SciTech Briefs

Nobel Prize goes to two American chemists

Scientists Robert Lefkowitz and Brian Kobilka received the Nobel Prize in chemistry for interpreting how the human body senses and responds to signals from the outside world. Their discovery, including the detection of receptor molecules between adrenaline and cells, has provided an intricate understanding of the human body and has aided greatly in drug development.

According to Sven Lidin of the Royal Swedish Academy, the receptors discovered by Lefkowitz and Kobilka “are the target of half of all drugs.” Lefkowitz, a medical professor at Duke University and a Howard Hughes Medical Institute researcher, and Kobilka, a medical professor at Stanford University, will share the $1.2 million.

Source: The Pittsburgh Post-Gazette

Researchers explore black hole energy blasts

A team of astrophysicists may have unlocked the mystery of what makes black holes spew energy back out. Black holes have a gravitational pull so strong that they will consume anything near them, and they have been observed to spew out energy jets from previously-consumed matter.

Astrophysicists at the Haystack Observatory and the Massachusetts Institute of Technology used radio telescopes to observe a jet spewing from a black hole in a galaxy about 54 million light- years away. The energy jet came from near the innermost edge of the accretion disk, the last point at which the matter can move in a constant orbit. The team has speculated that the blasts occur because magnetic fields within the orbiting material in the hole become twisted and carry energy away through an electromagnetic blast.

Source: Time magazine

Massive galaxies often collide with each other

Astronomers at the University of Utah found evidence of repeated collisions between massive galaxies. The galaxies, which contain close to a trillion stars, are the end result of the merging of many smaller galaxies. Astronomers have observed that they have become denser at the center over time, which can only occur when two galaxies of similar size collide.

“If you have two roughly comparable galaxies and they are on a collision course, each one penetrates more toward the center of the other, so more mass ends up in the center,” explained Adam Bolton, the principal author of the study. The study is a joint effort between the University of Utah, The Sloan Digital Sky Survey, and 20 other research institutes worldwide.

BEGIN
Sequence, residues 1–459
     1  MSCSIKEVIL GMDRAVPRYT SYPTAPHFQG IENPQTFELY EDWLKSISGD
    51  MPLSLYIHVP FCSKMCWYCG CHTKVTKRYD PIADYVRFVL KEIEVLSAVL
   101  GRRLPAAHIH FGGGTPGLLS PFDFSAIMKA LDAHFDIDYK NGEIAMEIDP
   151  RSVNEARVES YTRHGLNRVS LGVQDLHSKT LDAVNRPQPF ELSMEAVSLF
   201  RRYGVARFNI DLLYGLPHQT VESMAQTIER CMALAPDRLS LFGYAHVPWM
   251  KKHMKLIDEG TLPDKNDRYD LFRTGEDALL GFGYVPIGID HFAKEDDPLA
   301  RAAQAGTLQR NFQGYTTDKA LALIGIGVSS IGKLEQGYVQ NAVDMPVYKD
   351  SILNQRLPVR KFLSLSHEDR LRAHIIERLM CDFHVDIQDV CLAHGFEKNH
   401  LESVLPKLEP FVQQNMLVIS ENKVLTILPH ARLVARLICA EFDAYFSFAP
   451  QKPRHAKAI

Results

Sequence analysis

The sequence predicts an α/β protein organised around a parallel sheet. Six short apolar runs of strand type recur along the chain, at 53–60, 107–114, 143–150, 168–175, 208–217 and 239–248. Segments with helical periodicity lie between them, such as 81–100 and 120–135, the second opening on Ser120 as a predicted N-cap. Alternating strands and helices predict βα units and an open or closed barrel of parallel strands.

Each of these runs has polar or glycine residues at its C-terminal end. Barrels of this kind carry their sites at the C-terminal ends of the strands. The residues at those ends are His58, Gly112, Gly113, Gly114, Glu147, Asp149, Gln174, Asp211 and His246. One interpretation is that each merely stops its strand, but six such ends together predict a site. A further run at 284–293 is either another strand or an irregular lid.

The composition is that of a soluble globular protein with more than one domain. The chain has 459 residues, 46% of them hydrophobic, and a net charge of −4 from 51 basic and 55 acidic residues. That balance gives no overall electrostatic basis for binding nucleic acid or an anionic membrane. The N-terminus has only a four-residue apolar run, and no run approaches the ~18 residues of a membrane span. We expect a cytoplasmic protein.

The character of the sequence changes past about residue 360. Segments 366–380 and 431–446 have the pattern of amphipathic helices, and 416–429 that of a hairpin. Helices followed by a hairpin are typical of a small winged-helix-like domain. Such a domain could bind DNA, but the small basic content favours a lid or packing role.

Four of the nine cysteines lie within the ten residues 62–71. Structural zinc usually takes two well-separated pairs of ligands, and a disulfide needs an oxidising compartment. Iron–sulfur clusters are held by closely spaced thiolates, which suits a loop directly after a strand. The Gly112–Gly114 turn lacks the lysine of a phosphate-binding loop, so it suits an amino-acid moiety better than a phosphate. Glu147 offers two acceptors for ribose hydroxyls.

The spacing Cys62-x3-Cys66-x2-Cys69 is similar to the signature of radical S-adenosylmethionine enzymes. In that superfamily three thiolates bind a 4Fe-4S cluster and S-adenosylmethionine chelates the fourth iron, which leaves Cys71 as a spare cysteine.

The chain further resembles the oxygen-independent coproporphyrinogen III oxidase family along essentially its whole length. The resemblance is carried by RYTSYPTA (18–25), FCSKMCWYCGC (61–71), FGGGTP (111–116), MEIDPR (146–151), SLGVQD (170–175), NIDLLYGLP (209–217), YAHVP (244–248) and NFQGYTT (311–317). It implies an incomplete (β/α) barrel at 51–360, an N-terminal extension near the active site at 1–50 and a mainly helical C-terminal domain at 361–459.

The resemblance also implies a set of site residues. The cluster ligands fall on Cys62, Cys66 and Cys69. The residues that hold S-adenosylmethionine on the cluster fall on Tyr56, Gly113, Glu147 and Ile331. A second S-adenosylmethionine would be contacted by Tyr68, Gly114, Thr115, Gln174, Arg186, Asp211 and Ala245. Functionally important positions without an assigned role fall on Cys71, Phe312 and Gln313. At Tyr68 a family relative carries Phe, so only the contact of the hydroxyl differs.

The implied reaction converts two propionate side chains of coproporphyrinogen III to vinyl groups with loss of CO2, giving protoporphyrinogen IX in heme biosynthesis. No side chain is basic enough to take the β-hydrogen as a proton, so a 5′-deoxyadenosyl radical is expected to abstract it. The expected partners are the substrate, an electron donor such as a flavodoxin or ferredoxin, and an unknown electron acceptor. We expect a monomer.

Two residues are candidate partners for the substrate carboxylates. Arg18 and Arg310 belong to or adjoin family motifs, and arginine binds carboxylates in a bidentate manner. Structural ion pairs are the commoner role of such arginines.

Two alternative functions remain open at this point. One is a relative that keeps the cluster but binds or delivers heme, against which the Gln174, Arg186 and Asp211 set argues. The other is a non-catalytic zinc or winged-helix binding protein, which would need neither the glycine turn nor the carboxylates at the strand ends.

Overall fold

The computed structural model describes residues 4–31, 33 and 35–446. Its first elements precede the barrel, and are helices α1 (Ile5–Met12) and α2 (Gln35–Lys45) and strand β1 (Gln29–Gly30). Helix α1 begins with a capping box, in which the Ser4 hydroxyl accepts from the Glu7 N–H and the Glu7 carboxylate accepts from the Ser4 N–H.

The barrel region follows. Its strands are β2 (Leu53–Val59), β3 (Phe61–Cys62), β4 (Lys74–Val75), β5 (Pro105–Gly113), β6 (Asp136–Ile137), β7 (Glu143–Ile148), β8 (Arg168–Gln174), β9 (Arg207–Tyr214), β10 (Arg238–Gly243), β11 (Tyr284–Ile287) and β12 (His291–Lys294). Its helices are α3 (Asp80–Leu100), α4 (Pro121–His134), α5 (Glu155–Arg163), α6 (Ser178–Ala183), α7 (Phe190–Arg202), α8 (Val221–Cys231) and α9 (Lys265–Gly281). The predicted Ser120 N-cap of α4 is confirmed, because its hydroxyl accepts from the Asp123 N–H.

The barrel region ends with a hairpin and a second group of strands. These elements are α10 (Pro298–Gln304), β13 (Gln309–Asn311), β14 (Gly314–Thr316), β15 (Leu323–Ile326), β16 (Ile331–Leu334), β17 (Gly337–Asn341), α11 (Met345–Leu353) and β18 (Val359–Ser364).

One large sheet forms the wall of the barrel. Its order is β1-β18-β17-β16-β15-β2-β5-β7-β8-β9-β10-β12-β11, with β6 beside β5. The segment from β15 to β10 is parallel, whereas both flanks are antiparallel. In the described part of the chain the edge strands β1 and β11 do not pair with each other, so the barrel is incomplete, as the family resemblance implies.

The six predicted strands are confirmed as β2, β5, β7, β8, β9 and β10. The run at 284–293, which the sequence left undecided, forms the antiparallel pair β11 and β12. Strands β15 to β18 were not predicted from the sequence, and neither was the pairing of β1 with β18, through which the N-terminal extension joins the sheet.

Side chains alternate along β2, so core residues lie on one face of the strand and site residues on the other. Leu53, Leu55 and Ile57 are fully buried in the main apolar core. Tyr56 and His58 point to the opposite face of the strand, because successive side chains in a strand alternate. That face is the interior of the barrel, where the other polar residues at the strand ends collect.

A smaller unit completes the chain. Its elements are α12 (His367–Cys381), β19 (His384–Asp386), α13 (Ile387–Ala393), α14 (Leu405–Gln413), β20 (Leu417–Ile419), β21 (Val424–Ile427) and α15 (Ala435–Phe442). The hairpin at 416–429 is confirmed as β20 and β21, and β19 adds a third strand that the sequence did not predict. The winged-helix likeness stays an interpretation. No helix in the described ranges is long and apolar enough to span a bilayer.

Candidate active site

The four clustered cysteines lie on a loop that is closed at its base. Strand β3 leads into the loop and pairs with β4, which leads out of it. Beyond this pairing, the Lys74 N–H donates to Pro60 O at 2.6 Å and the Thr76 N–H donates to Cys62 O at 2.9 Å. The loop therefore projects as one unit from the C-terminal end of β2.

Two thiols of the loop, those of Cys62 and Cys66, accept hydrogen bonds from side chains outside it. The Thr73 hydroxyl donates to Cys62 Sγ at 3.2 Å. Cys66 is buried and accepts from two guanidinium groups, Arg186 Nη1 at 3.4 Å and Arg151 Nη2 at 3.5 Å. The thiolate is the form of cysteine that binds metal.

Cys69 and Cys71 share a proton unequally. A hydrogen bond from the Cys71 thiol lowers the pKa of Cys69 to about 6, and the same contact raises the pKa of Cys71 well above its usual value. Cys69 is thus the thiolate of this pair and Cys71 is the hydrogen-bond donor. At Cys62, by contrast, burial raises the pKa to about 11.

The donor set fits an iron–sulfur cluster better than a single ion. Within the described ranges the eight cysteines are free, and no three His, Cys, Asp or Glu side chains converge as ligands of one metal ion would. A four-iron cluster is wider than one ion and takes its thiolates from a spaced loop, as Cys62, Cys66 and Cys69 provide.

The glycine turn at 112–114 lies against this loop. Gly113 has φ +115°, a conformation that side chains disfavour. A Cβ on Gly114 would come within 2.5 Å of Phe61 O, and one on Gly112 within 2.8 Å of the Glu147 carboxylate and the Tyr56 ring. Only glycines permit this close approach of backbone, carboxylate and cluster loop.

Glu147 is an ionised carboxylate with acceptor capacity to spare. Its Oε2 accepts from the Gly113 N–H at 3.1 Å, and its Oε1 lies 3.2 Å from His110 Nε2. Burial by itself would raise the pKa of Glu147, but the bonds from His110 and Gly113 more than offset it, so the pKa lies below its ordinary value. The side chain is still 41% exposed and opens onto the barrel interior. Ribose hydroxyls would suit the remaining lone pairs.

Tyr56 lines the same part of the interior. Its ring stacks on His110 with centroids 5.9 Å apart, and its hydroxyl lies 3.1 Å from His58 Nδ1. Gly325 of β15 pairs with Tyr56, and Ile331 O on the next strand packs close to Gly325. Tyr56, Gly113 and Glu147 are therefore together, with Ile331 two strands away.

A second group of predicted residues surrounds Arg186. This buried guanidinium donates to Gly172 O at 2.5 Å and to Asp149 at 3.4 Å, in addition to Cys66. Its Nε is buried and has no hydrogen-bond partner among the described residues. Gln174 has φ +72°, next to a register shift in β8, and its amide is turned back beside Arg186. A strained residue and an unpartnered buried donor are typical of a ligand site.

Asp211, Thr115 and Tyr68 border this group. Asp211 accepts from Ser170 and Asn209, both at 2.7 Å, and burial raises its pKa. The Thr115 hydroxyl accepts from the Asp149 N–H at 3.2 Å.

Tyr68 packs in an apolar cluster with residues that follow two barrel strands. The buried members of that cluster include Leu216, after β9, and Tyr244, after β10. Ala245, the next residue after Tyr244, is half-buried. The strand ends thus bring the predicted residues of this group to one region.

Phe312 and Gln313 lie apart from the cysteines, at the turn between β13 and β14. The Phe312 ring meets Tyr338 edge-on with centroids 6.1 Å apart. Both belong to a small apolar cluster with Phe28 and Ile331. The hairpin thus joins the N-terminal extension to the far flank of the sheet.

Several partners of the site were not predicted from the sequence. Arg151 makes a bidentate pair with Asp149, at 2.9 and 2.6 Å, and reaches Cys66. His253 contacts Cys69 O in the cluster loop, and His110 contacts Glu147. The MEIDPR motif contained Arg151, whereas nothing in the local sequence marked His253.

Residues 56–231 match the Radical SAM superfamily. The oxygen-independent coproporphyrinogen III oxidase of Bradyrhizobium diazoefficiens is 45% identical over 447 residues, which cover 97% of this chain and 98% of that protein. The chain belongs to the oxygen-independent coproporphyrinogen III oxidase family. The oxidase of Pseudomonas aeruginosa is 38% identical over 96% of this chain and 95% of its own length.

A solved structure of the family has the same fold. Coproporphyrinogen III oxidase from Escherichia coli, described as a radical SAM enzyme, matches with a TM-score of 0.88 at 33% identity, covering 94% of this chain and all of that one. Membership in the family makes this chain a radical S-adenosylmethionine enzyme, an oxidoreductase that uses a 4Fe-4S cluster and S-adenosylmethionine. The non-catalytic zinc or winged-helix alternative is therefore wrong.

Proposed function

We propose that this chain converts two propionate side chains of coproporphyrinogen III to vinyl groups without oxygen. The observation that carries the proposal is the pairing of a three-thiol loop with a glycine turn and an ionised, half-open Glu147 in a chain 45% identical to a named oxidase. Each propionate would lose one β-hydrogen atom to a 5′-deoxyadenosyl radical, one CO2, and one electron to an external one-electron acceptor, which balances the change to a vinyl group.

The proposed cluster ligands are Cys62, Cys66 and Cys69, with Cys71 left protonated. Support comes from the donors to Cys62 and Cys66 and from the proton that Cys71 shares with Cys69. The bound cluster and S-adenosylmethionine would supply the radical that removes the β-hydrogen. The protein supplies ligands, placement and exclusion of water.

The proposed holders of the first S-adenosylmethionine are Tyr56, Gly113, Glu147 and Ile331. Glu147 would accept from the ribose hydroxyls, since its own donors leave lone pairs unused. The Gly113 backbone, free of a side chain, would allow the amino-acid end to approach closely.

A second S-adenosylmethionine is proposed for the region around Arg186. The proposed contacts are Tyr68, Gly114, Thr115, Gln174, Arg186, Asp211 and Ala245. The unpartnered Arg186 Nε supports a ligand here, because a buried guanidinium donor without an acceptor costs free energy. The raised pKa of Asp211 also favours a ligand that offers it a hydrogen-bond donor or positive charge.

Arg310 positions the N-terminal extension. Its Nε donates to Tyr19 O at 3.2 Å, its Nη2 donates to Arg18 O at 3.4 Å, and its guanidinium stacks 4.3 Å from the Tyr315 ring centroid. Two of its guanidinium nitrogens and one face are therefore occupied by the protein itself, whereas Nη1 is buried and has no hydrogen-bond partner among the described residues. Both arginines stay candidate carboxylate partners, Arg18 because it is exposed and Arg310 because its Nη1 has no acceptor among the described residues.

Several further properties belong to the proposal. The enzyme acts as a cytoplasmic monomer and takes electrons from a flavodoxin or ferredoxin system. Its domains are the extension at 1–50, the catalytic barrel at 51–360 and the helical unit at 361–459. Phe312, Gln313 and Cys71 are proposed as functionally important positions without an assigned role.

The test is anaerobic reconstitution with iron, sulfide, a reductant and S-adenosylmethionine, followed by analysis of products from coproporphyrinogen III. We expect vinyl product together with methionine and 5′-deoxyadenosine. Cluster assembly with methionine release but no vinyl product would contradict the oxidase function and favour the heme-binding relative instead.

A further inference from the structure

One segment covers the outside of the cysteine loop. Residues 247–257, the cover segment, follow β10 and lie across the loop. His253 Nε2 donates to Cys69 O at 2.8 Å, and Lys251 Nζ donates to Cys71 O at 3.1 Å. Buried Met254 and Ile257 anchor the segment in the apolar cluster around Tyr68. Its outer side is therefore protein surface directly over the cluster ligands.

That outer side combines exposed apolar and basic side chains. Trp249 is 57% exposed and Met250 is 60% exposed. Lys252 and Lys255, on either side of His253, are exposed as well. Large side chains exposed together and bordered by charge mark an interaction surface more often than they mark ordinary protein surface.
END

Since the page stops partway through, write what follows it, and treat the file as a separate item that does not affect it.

Source: Science Daily

New iPhone app able to monitor ear infections

Researchers at Georgia Tech and Emory University have developed the “Remotoscope.” It makes the iPhone function as an otoscope, the instrument doctors use to check their patients’ ears. The idea behind the app is to enable parents to regularly take pictures of their child’s ear and send the images to pediatricians so they can supervise infections.

It functions by putting a scope over the phone’s camera lens, facilitating capturing images of the ear canal, and magnifying the images. The app is currently undergoing clinical trials, with the hope that the results may be published by the end of the year.

Eyeball of unknown species found on Florida shore

While walking on Pompano Beach, Fla., Gino Covacci stumbled across what he claimed was “the biggest eyeball he had ever seen.” According to Covacci, the eyeball seemed to have recently been separated from the creature it belonged to, as it was bleeding when discovered.

He turned the eyeball over to the Florida Fish and Wildlife Conservation Commission, which has preserved it in formaldehyde to observe it further. So far, the most likely source of the eyeball seems to be a large fish, such as a swordfish. However, there is not yet certainty as to what creature it belonged to.


Kellogg’s cereal may contain metal fragments

Kellogg has issued a recall on its product, Mini-Wheats, because the cereal may contain metal fragments. The company has defended itself, claiming to have had a thorough metal detection program, using magnets and metal detection devices. “We are working with our metal detector supplier to understand why the equipment did not detect the mesh fragments,” Kellogg’s officials explained through an online statement. No injuries or incidences have been reported

Source: The Pittsburgh Post-Gazette